There’s a second important reason, I suspect, for Evey’s altered character: Rose and Helen. Rose Almond, unfortunately, is completely missing from the movie, as is Helen Heyer. Their absences do have the effect of changing how Adam Susan must die and how we experience the plight of the oppressed, but they also remove the only other sympathetic, living woman from the story as well as the only powerful woman. Yeah… Without Rose’s voice, the story is being told entirely by men, at least until Evey matures. Without Helen, no women in the story have any control over their own destiny, save possibly Evey. The question is, even if the movie were able to capably convey Evey’s journey as it was present in the novel, would her resolve at the end of the story make up for the first hour and a half of the movie where all of the women are either bit characters, dead, or dying? I suspect the Wachowskis chose to empower Evey early on specifically to ensure that women were not depicted merely as helpless creatures for most of the movie, and in that light, it sure looks like a good idea.

Moving on: I don’t have a ton to say about it, but I want to note that the fake concentration camp scene is lovingly preserved from the moment Evey is thrown into the cell to the moment she embraces the rain on the rooftops. It is terrible and powerful on film, and that is a great victory for the movie.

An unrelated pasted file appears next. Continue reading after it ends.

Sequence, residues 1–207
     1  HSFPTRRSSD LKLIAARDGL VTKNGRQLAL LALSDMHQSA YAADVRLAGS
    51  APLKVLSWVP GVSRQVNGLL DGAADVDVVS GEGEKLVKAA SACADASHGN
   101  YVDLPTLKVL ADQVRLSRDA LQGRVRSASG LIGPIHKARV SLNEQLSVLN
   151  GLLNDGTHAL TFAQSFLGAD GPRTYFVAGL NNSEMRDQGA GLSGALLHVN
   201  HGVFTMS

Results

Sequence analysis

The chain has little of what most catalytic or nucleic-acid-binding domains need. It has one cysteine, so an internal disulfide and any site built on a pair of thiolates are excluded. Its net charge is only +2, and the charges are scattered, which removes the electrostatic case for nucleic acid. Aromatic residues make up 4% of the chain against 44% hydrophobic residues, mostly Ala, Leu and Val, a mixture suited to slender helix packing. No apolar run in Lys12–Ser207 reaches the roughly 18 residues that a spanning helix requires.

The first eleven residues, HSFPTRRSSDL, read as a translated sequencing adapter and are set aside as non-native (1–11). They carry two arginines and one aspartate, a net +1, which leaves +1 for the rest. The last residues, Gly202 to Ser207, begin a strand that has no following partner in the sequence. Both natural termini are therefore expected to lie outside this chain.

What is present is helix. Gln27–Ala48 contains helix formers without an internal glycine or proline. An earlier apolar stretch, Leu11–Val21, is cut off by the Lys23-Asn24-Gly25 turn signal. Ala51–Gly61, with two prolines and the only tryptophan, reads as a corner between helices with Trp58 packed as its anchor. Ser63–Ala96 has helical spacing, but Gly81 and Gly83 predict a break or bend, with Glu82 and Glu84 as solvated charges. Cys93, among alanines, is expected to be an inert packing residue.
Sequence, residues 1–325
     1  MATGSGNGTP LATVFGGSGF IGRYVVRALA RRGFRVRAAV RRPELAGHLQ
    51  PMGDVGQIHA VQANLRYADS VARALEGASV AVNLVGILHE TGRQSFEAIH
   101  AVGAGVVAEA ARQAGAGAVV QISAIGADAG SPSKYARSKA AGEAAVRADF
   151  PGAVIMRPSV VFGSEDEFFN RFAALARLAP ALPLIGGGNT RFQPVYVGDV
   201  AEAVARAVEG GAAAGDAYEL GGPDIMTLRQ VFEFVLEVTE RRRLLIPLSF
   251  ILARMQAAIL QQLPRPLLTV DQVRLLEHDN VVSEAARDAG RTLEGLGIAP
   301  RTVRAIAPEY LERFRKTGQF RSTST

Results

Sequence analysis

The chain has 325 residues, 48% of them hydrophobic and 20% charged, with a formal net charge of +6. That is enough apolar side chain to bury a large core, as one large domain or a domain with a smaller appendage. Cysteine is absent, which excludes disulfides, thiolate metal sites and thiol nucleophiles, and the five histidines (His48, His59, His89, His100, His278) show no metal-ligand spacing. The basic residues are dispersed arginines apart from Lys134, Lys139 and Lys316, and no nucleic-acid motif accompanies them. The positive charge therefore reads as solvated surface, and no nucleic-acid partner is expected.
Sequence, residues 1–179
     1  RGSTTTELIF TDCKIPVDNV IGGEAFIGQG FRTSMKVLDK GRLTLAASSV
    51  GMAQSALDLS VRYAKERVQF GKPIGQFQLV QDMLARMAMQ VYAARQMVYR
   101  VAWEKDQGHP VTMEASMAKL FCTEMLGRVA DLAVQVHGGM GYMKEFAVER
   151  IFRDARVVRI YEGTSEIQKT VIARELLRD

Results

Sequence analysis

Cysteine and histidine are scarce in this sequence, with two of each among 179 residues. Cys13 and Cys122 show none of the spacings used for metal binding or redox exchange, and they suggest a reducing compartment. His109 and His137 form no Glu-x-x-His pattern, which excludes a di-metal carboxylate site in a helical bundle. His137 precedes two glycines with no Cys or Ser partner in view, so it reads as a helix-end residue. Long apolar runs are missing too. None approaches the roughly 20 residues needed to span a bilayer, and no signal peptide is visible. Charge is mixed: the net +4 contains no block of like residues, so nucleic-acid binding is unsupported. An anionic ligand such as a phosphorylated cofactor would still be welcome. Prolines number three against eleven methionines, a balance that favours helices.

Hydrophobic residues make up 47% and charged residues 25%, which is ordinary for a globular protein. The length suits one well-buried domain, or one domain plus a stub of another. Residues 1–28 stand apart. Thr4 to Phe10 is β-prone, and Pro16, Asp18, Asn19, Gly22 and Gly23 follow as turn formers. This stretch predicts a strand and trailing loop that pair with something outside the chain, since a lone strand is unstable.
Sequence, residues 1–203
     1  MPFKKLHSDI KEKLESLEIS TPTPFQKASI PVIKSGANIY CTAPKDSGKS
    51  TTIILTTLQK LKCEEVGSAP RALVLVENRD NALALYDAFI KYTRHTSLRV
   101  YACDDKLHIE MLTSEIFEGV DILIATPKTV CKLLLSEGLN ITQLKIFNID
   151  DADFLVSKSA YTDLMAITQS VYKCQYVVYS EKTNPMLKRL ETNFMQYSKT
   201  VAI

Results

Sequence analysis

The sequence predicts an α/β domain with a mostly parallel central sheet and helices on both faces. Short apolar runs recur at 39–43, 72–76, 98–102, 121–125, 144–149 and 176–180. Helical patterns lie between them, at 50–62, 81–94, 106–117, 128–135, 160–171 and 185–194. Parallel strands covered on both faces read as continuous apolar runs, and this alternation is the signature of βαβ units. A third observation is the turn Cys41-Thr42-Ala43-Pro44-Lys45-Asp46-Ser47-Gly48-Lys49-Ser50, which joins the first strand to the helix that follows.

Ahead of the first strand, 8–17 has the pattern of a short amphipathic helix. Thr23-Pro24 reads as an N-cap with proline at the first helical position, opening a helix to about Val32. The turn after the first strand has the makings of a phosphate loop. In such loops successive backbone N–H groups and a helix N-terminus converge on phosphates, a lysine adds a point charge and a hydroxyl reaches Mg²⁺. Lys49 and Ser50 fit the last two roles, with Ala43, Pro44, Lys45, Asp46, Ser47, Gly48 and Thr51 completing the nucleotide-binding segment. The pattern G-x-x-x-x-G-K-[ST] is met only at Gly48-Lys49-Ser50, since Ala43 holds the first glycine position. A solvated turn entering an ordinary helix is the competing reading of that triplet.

But if the earliest parts of Evey’s arc are clipped, so too is the end. In the movie, Evey never dons V’s mask. In fact, the entire end of the movie is quite a bit different. Whereas in the novel, V destroys the state’s surveillance apparatus, in the movie, V mails Guy Fawkes masks and cloaks to tens of thousands of Londoners, thereby allowing them to escape the Eye a different way. The primary motivation for that change seems to have been to allow for the visuals in the movie’s climax, where the people march on Parliament as a horde of black-cloaked Fawkeses and, as it explodes, remove their masks to reveal people of all walks of life, including a great diversity of characters who died at the hands of the regime. It’s a striking sequence, but it means that Evey herself doesn’t fully inherit V. Movie!Evey speaks to Finch at the end to convey the idea that V is more than a man, he is a symbol, and he stands for everyone who has felt the weight of oppression and the call of freedom. Book!Evey understands it differently: V stands for anarchy and his work isn’t over. The people still need a V to make something of the chaos. This statement is a bit lost in the movie, where it seems more like V’s ultimate victory is sealed as Parliament comes crashing down and the people of London commemorate his brave fight by honoring the symbol of his mask.